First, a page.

I find that for workers, being self-confident is a channel to signal high productivity to employers. Specifically, signaling 1% higher self-confidence to employers increases the employer estimate by 0.09%-0.21%, controlling for other labor market characteristics. The results establish the signaling value of self-confidence in wage negotiations, and highlight the importance of non-cognitive skills in the labor market.
Chapter 3 proposes a methodology to measure the value of worker characteristics. In the design, employers buy worker characteristics in the Becker-DeGroot-Marschak (BDM) market. Specifically, employers claim a willingness to pay (WTP) for a characteristic. This characteristic is displayed on the resume if the WTP is higher than or equal to a randomly determined price. The value of a characteristic is measured by the magnitude of the WTP.
This methodology can be applied in pricing discrimination. The common method to do so is an ex post approach, in which we study discrimination with a wage regression. In such regressions we measure the discriminatory wage differential of a characteristic, which is not related to the actual productivity, by looking at its coefficient in the regression. In our design, the discriminatory wage differential is measured by the WTP of a characteristic.
Although Chapter 4 is not based on the experimental labor market, it serves as a complementary study to Chapter 1. To demonstrate how indirect contact can influence economic behavior, in this chapter, I study intergroup cooperation after observing in-group members interacting with out-group members.
In the control treatment, a student is matched with someone from the other major in a two-player public goods game. In another treatment, the game players watch intergroup contact prior to the public goods game. The intergroup contact is defined by playing a jigsaw puzzle with someone from the other major. I find that relative to the control treatment, the contribution to the public goods after observing intergroup contact is significantly higher. To distinguish intergroup contact effect from simply putting subjects in a cooperative mood, the game players in a third treatment watch random contact. The results show that it is important to have in-group members in the contact.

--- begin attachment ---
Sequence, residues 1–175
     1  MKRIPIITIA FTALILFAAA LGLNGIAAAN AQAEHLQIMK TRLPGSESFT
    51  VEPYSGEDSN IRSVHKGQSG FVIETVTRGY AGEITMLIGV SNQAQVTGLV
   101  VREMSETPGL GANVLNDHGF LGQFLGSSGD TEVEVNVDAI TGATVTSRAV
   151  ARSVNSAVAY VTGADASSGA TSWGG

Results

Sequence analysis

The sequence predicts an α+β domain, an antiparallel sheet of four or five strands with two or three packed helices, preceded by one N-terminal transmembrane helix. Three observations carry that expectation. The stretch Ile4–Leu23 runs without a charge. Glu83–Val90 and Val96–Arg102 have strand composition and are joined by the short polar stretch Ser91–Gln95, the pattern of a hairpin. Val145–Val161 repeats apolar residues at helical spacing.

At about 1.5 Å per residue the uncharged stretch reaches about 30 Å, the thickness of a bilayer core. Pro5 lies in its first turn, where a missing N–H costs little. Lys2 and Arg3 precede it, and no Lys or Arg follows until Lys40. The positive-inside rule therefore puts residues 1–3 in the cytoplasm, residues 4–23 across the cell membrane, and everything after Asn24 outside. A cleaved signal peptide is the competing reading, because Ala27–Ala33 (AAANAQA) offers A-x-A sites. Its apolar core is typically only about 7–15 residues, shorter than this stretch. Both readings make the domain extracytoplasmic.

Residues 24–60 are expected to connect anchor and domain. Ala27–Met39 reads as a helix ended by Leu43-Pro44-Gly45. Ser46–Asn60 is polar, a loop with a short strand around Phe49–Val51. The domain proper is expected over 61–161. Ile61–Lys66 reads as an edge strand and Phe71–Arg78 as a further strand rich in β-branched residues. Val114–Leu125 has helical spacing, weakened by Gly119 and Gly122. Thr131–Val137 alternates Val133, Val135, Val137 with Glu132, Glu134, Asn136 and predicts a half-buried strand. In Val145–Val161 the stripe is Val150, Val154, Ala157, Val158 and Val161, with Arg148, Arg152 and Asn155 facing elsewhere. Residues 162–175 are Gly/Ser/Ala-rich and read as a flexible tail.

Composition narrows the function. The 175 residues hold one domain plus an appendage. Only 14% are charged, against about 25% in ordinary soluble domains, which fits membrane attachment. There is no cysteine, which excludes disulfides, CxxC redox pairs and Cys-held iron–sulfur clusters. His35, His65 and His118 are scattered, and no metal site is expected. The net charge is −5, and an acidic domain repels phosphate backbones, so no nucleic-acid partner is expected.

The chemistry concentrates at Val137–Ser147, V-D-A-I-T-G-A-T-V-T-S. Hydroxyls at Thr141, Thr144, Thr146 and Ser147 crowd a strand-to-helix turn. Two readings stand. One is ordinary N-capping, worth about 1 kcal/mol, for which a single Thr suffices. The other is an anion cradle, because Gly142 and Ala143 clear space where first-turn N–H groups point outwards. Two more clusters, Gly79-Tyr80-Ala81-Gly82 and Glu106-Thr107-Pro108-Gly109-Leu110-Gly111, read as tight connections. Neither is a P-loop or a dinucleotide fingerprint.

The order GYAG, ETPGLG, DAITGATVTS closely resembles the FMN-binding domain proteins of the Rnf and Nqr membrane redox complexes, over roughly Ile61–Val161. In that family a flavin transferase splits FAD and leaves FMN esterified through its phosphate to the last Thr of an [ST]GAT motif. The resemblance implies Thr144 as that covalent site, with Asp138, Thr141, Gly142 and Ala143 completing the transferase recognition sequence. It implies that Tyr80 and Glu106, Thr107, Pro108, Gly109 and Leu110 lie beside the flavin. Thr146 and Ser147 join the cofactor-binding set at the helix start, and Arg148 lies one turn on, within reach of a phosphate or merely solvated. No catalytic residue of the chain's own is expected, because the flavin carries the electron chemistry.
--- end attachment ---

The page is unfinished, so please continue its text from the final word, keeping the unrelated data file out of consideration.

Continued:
The results suggest that indirect contact can be applied when direct contact is restricted. When intergroup cooperation is desired, yet one or more groups are not available, we can select some members from each group and perform demonstrations on the rest. This is particularly useful for majority-minority intergroup cooperation, and for groups that are segregated in many dimensions. Indirect contact also implies financial freedom, as getting every group member involved in direct intergroup contact is very costly.
To summarize, my dissertation contributes to the growing experimental labor market literature. Relative to data from the real labor markets, the experimental labor markets allow us to study otherwise unobservable interactions. With such experimental labor markets, I study the relationship between stereotyping discrimination in the labor market and diversity, the signaling value of self-confidence in wage negotiations, and an alternative methodology to price worker characteristics. In addition, I study the application of indirect contact in raising intergroup cooperation.
Wang, Qiqi, "Essays in Experimental Labor Economics" (2013). Graduate Theses and Dissertations. 13267.